As the work force expanded during and following World War II, secretaries became an essential part of the growing economy. Though traditionally thought of as a job for women during the transition from de facto homemaker, the profession has evolved in title, responsibilities and diversity. April 23 is Administrative Professionals' Day 2014, an excellent opportunity to surprise administrative employees with personalized business gifts.
National Secretaries Week, the precursor to Administrative Professionals' Day, was launched in 1952. It was organized by the National Secretaries Association in conjunction with office product manufacturers. Mary Barrett, president of the National Secretaries Association at the time, partook in a council that focused on increasing the availability of skilled office workers. The National Secretaries Association eventually became the International Association of Administrative Professionals as the term secretary was used less commonly.
The holiday was inspired by a desire to show appreciation for the work administrative professionals do to help a business be successful, as well as an attempt to draw more people into the profession. U.S. Secretary of Commerce Charles Sawyer declared June 1 to 7, 1952 the first National Secretaries Week with the official day falling on June 4. For the past 64 years, administrative professionals have been honored during the last week of April with the main day of celebration planned for that Wednesday.
Lynn Peril, a lifelong secretary who penned a book about how the profession has progressed, went on National Public Radio to share her experiences. Peril mentioned how being a secretary was a large advancement from being a housewife in the mid-20th century. Women often began as stenographers then strived to be a personal or executive secretary. According to Peril, the title of secretary developed a negative connotation as the idea of an "office wife" entered corporate culture. The assumption was that secretaries were to be well-dressed and attractive women who would bring coffee or food, take directions from a male boss and keep the office clean.
The IAAP defines administrative professionals as "individuals who are responsible for administrative tasks and coordination of information in support of an office-related environment" as well as "dedicated to furthering their personal and professional growth." The U.S. Department of Labor Statistics reported more than 4 million administrative assistants and another 8.8 million employees who hold general administrative positions in the current work force. Alternate titles for the role are administrative assistance, office coordinator, office manager, executive assistant and administrative specialist.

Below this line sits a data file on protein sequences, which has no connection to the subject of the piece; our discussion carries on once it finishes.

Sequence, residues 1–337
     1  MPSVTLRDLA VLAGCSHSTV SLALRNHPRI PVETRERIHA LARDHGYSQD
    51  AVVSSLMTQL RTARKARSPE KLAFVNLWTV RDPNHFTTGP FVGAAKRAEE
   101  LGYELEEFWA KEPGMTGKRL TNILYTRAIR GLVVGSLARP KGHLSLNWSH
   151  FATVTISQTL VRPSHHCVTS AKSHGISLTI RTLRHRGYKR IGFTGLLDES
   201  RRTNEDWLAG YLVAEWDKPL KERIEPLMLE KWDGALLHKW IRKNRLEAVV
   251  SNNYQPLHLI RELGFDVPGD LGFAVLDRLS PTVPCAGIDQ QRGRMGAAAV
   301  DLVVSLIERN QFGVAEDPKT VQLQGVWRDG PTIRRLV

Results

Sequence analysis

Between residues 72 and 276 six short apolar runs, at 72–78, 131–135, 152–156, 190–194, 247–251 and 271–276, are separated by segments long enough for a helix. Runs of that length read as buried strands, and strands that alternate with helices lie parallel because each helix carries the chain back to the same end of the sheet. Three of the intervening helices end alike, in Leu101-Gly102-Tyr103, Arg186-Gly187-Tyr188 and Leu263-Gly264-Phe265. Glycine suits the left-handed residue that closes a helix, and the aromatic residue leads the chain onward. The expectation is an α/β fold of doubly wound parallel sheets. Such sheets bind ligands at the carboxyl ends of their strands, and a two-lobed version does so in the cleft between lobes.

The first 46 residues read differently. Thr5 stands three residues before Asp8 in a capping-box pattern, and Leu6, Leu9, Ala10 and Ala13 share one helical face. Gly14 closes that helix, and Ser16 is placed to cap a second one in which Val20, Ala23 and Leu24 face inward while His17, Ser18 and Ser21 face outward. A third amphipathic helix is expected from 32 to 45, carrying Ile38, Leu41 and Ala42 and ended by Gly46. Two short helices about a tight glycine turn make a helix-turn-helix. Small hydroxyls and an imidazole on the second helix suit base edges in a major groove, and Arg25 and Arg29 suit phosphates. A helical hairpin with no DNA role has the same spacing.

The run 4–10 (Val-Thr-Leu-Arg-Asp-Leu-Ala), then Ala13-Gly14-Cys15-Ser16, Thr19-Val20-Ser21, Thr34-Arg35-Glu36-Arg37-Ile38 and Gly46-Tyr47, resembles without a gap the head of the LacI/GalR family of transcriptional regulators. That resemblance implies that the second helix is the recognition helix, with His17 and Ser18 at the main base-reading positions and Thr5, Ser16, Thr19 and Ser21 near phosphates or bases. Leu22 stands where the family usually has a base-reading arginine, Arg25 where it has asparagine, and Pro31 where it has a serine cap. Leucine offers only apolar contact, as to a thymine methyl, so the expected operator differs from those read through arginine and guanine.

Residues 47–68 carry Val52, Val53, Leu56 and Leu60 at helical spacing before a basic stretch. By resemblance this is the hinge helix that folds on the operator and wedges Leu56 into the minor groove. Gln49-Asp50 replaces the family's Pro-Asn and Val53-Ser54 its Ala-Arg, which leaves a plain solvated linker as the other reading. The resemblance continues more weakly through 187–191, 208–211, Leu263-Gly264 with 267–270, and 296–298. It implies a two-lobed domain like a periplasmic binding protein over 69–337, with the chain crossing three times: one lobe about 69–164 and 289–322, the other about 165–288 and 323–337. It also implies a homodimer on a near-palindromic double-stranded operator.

Five-hundred employers took a survey through the employee recruitment group Manpower regarding the role of administrative professionals in their businesses. According to the results, 98 percent of participants acknowledge an evolution of the profession just in the past 5 to 10 years. It was confirmed that there is more of a need for administrative professionals to use technology competently and contribute strategic thinking to the company. Roughly 85 percent of employers said it would be difficult to find a quality administrative assistant if they need to hire one and 71 percent view secretaries as an important part of the business's employee base. Some jobs that administrative assistants perform, according to employers, are presentation organization, communication with suppliers and clients, statistics reporting and team engagement.
The celebration of administrative professionals goes beyond an office party or thank you note. The IAAP markets the week as an opportunity to show secretaries how they can develop their careers and demonstrate the company's commitment to supporting their assistants. This can be done by covering dues for a membership in a professional organization or the entrance fee for conferences and seminars. Some employers offer full or reduced tuition for their employees to take individual classes or work toward a higher degree. In a similar vein, professional certificate programs and online training can be offered for free.
It's still a nice gesture to acknowledge the value of an administrative assistant through thank you gifts. Personalized pens and notepads make lovely additions to administrative professionals' workspace.